3. According to July 2017 news reports, Trump son-in-law and now government employee Jared Kushner tried and failed to get a $500 million loan from a Qatari businessman. The money was for a New York City building Kushner bought for $1.8 billion. Getting the money was contingent on Kushner securing additional funds for the multi-billion dollar project. That money was supposed to come from the Chinese investment firm Ambang, but the firm pulled out as conflict of interest concerns mounted. After Kushner was turned down, President Trump took a hard line against Qatar, branding it a terrorist state. It is true that we do not know if Trump lashed out at Qatar, contrary to the position taken by his own Secretary of State because of Kushner's influence but the situation reveals a web of conflicts of interest. It's a good illustration of why public officials, especially the President and his advisors, usually avoid even the appearance of a conflict and donít put themselves in the position of being indebted to others because of their business interests. We may never know if U.S. policy towards a strategic player in the war on terrorism is based solely on the merits or is the result of a bad real estate deal. It's important to note also that Kushner has been granted the highest level of security clearance.
  4. According to a July 18, 2017 news report Secretary of State Rex Tillerson is considering closing the office responsible for cyber issues and folding it into another department. The position of cyber coordinator would also be downgraded. This would reduce the number of personnel working on cybersecurity issues and sends a troubling message about the seriousness with which the Trump Administration approaches cybersecurity. Given what we already know about Russian interference in the 2016 election, this approach to cybersecurity is the exact opposite of what the White House should be doing.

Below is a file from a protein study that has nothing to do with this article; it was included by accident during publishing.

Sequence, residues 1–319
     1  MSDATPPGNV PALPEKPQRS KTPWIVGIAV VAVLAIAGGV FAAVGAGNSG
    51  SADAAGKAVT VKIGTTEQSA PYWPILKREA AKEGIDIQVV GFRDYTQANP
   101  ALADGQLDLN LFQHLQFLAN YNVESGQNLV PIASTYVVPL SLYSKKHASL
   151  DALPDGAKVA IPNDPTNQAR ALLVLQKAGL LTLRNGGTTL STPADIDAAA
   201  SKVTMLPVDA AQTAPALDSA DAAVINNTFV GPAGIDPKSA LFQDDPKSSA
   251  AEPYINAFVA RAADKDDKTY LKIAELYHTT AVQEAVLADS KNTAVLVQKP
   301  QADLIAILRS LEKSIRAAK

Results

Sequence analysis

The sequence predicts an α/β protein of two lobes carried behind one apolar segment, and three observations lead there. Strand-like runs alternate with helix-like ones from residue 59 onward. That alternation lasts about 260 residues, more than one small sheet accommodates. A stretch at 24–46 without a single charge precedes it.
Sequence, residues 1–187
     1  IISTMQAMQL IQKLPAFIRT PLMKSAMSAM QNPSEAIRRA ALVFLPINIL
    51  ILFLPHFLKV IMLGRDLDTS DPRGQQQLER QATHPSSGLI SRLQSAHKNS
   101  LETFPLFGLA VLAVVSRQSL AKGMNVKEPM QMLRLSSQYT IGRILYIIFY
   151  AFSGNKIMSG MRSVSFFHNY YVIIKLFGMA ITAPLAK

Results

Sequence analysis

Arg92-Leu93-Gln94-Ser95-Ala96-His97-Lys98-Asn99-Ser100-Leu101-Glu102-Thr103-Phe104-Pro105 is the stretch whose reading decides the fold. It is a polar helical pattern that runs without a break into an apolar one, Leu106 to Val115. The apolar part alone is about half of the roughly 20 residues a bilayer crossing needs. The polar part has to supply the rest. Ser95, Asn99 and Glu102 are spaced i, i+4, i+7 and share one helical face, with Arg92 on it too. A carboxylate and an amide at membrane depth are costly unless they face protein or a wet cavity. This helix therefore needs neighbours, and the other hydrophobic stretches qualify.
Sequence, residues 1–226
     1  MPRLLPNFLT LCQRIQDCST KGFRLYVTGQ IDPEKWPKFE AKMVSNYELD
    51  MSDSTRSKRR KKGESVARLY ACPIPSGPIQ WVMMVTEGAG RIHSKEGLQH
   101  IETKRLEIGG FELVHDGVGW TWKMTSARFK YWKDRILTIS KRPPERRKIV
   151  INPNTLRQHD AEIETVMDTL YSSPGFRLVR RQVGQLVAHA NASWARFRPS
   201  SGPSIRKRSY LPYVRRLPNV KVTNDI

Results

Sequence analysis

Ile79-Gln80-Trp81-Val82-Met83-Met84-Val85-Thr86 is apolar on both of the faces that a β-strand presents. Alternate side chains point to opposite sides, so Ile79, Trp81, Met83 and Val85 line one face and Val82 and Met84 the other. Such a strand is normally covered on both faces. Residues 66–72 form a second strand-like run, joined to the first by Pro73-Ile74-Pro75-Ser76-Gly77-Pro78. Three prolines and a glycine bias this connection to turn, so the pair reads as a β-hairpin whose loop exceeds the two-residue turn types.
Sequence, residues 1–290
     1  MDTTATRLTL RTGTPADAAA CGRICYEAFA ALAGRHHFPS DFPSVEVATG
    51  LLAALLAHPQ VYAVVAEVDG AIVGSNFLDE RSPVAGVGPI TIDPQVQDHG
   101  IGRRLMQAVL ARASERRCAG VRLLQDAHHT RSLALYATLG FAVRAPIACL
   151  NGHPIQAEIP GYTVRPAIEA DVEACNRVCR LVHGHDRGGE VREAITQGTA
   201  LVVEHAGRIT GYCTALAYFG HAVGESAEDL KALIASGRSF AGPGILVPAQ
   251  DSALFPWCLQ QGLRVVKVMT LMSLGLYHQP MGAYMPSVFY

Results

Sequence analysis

5. On July 14, 2017 it was reported that the White House made public the comments it received so far about its Election Integrity Commission. Personal information, like addresses and places of employment, was not removed from the comments before they were published. The Trump Administration stated that the July 5th Federal Register Notice about the Election Integrity Commission made clear that submitted information would be made public. The problem with this is that about half of the comments came in before the notice was published so not everyone submitting comments was aware their information would become public. This handling of personal information supports the fears that many have over how the Trump Administration will handle the personal voter information it is seeking from states.

Whatís Up Next

The next House votes are scheduled for Monday July 24th. The House is expected to consider H.R. 3219, the Make America Secure Appropriations Act.

Mike


Congressman Mike Capuano
7th District, Massachusetts
Committee on Transportation and Infrastructure
Committee on Financial Services

P.S. I welcome your feedback on our e-Updates. Please let me and my staff know what you think of this service by e-mailing our office.